Tuesday, July 28, 2009
The Infinite Sky Beyond
By Shabkar (1781-1851)
Kunzang Shenpen went on, "That being the case, when one is remaining in the nonmeditation samadhi that is like a continuous stream, what should it be like?"
One must remain in a vivid, lucid openness,
Like looking out
Into the reaches of the boundless sky
From the peak of a mountain open to every direction.
The lord of siddhas, Jetsun Tilopa,
Directing his gaze toward the sky,
Said to the great pandita Naropa:
What supports the sky? On what does sky rest?
The Mahamudra of one's mind has nothing to rest on.
If you loosen the bonds, liberation is certain.
Remain at ease in primordial simplicity.
The nature of mind is the sky beyond the contents of thoughts.
Remain thus at ease,
Not holding on to some thoughts,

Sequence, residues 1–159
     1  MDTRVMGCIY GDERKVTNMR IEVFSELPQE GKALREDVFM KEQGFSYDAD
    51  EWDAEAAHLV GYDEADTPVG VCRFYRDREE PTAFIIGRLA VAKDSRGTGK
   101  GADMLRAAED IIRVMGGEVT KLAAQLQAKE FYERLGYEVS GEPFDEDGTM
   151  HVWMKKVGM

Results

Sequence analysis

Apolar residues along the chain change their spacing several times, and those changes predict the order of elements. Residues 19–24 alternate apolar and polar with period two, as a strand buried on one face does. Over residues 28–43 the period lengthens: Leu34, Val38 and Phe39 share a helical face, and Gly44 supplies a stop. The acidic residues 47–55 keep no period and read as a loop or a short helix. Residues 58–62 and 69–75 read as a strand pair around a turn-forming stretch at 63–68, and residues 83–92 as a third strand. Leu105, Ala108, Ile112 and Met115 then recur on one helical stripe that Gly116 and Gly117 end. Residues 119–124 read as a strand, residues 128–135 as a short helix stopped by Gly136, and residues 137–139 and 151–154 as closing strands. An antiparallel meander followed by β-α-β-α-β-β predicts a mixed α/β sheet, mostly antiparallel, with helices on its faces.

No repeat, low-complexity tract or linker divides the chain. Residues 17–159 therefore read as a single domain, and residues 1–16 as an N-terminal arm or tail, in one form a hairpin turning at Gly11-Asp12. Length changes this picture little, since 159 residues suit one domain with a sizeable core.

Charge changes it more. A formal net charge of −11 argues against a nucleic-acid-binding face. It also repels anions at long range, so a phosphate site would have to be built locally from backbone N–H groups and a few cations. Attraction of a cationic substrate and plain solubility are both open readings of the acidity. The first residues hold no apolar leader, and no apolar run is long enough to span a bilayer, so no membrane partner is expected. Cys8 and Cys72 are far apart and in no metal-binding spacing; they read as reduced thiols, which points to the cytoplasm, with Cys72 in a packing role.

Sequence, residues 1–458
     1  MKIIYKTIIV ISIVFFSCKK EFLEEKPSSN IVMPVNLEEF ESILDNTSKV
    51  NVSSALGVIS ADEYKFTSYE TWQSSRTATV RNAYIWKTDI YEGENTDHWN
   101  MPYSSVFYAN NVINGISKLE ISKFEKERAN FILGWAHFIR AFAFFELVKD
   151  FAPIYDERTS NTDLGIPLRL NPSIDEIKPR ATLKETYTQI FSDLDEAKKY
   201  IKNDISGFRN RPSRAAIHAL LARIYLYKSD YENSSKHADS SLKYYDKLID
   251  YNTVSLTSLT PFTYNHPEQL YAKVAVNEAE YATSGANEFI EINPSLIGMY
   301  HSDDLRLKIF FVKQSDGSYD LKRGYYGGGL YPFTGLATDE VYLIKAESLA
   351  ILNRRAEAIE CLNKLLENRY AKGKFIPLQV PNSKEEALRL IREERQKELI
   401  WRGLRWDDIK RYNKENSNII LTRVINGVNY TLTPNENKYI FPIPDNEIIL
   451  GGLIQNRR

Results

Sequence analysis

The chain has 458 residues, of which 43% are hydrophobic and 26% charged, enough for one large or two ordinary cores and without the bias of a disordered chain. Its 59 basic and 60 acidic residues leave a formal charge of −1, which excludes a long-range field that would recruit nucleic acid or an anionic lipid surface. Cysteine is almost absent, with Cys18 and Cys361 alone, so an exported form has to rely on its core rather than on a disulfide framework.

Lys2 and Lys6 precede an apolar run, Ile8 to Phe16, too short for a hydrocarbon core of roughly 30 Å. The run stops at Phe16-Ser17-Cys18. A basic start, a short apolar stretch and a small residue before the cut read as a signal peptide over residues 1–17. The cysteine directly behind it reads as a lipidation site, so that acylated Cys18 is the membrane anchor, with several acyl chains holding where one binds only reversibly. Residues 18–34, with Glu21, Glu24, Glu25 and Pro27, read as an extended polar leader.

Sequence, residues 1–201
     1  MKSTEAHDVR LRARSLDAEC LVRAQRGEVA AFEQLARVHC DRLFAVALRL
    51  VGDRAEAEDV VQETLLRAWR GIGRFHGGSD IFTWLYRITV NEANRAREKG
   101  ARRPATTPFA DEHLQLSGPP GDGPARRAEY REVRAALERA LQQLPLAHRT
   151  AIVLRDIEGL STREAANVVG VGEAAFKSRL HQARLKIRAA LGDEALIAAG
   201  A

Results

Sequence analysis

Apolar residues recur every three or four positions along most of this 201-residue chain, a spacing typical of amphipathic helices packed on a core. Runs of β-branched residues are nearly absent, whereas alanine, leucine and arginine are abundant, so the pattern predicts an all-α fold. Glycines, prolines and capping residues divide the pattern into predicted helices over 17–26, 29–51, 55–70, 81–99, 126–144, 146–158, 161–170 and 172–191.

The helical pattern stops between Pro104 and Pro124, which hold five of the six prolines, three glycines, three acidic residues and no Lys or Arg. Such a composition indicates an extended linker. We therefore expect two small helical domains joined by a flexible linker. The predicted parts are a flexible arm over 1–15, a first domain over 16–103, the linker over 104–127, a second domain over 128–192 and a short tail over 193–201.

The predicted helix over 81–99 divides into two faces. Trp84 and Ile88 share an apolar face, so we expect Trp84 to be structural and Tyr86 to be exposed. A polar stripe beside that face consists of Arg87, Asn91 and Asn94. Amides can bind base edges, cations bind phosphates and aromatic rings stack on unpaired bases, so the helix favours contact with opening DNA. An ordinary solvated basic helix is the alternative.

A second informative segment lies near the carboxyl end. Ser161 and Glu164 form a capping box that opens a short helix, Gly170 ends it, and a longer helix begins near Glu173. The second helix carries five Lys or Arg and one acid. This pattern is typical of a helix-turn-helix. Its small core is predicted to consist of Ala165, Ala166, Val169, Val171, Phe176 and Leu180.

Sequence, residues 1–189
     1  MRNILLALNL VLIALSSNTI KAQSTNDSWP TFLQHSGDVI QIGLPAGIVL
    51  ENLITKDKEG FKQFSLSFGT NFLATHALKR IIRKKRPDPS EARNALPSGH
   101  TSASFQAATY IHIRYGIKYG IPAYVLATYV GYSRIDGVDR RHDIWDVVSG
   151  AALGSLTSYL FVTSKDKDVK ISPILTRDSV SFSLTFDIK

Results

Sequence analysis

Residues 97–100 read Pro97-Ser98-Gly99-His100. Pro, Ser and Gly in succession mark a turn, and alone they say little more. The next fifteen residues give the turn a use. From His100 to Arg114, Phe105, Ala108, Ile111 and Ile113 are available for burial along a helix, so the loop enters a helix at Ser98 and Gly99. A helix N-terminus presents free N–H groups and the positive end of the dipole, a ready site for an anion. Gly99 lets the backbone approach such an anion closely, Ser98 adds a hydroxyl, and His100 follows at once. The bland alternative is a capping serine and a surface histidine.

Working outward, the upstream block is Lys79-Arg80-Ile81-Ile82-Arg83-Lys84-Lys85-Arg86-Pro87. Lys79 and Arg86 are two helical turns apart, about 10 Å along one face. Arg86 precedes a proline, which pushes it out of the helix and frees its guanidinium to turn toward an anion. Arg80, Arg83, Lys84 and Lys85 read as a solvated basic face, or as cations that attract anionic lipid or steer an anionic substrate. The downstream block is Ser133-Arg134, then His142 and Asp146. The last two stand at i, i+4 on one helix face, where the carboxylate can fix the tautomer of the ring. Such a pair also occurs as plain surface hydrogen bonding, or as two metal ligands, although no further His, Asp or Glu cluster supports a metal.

Or pushing other thoughts away:
In true Mahamudra mind is undirected.
The unsurpassable fruition
Is simply to preserve this state.
Thus, through Marpa Lotsawa,
There will come many sky-like yogins,
Sons of the lineage of the great panditas Naro and Maitri.
The great awareness-holder, Shri Singha,
Pointing his finger toward the heart of a cloudless sky,
Told the Lotus-born Guru:
Ever empty, ever empty; ever void, all void;
This crucial absolute truth is a treasure
Which shines everywhere- above, below, between, in all directions-
Shri Singha made it spring from the perfect vessel:
Action inseparable from view.
And with this he dissolved into vajra space.
In the same way the omniscient Longchen Rabjam said:
In the infinite sky, there is neither meditation or non-meditation.
This is the vast expanse that is Samantabhadra's wisdom.
It is also said in the Miscellaneous Sayings of the Kadampas:
The place for practice must be open and spacious;
One's view must be vast and open, too;
Even if the whole of samsara and nirvana were placed within it,
It would remain as unfilled as ever-
Such should be the immensity of the view.
The Life of Shabkar: The Autobiography of a Tibetan Yogin
by Shabkar Tsogdruk Rangdrol, Matthieu Ricard (Translator)
Published by Snow Lion, Ithaca, 2001